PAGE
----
47 Must Have RV Accessories Rated by Experts

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RVs often come well equipped out of the dealership. All the basics like generators, inverters, microwaves, air conditioners, and whatnot are often included by default, though this will vary from RV to RV.

However, while RVs do come with the most essential things one would need for the journey, there are some things that you should get on your own.

There are plenty of items – minor or significant, big or small – that should be on you on your RV journey. Without them, your trip is perfectly possible. But with them, you will be much more comfortable and, if issues arise, secure.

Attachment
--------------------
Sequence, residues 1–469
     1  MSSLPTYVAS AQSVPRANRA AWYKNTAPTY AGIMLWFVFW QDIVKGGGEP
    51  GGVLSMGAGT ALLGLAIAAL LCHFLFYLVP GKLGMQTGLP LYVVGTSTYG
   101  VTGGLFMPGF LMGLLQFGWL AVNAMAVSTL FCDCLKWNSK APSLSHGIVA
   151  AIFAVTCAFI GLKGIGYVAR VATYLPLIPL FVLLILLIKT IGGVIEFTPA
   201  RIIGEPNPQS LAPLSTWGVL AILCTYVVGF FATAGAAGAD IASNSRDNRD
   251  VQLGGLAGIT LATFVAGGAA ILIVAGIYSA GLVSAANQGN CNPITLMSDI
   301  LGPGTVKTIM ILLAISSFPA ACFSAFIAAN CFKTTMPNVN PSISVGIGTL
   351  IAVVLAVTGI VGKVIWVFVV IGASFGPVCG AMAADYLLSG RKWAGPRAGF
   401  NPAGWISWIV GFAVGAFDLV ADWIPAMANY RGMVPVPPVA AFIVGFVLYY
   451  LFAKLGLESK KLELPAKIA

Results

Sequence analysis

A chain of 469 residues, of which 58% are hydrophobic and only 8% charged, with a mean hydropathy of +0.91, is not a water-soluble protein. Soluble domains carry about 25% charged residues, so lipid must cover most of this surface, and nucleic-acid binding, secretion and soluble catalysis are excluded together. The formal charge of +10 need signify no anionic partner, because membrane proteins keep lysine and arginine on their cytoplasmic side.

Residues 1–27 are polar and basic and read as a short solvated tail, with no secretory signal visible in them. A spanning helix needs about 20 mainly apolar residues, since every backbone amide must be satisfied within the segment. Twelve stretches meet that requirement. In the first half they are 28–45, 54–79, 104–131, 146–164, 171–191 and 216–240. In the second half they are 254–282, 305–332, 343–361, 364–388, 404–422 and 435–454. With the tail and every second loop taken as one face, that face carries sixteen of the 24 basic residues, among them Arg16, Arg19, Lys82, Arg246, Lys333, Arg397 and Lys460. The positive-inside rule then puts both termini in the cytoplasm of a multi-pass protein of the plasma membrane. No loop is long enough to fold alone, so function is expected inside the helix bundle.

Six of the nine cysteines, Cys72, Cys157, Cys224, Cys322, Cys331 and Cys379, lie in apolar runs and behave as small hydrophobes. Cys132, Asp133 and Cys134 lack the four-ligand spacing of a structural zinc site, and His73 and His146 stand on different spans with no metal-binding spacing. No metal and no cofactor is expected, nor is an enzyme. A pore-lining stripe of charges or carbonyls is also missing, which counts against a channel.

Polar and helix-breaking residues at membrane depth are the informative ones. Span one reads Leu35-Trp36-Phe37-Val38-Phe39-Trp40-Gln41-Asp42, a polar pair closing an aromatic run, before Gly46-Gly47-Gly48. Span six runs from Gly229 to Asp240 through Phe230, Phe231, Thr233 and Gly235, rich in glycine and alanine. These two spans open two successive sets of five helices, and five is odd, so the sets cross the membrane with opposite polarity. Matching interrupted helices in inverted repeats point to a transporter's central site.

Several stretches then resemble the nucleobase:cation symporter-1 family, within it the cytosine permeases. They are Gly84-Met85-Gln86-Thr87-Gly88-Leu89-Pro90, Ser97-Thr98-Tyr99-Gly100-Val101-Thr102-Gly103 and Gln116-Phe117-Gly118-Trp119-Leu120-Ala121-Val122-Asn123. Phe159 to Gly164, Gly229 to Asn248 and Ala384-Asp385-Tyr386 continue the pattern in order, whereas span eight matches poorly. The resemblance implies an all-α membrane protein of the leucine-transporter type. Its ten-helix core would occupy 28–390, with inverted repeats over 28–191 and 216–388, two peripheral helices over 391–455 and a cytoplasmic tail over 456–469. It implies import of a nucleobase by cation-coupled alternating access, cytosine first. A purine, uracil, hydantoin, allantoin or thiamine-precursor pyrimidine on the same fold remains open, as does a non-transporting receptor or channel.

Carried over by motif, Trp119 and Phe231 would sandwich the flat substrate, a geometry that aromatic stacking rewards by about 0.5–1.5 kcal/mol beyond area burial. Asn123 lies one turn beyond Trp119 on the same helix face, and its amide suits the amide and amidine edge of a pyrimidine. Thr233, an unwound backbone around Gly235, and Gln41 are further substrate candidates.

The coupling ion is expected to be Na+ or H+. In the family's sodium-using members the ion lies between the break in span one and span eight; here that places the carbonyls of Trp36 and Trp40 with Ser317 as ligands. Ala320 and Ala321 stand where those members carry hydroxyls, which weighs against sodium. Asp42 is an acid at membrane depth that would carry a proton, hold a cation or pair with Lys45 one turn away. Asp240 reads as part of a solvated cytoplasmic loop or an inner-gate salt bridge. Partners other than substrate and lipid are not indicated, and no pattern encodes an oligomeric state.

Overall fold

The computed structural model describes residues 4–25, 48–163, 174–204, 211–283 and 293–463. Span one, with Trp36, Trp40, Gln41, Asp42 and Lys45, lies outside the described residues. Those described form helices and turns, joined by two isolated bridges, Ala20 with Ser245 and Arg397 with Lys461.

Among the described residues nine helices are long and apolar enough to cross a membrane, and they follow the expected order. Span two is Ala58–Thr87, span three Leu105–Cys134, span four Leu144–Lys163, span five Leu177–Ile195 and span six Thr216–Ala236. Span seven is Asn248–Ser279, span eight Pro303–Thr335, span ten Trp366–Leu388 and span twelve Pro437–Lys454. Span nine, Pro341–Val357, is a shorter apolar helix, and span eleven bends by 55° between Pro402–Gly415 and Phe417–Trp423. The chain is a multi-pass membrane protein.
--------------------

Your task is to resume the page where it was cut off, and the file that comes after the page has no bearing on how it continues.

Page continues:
There are plenty of things that you could get for your RV, but there are particular items that we think are must-haves if you are planning to do a more or less long journey.

And if you happen to be looking for the must-haves that would be able to make your journey more convenient and safe, then our list of 27 must-have RV accessories will most likely interest you.

Before proceeding to the reading, it should be noted that some RVs may actually come with the items we are going to talk about. Thus, before deciding what to buy, choose an RV first and then research what kind of amenities or whatnot it comes with.

RV Accessories Expert Recommendations

Kelly Beasley – CampAddict.com

Kelly Beasley, co-founder, and owner of CampAddict.com had a few suggestions for RV Accessories.

“I’ve been a solo female full-time Rver since 2015. I have a few favorite things to make life easier, here are three of them

Andersen Levelers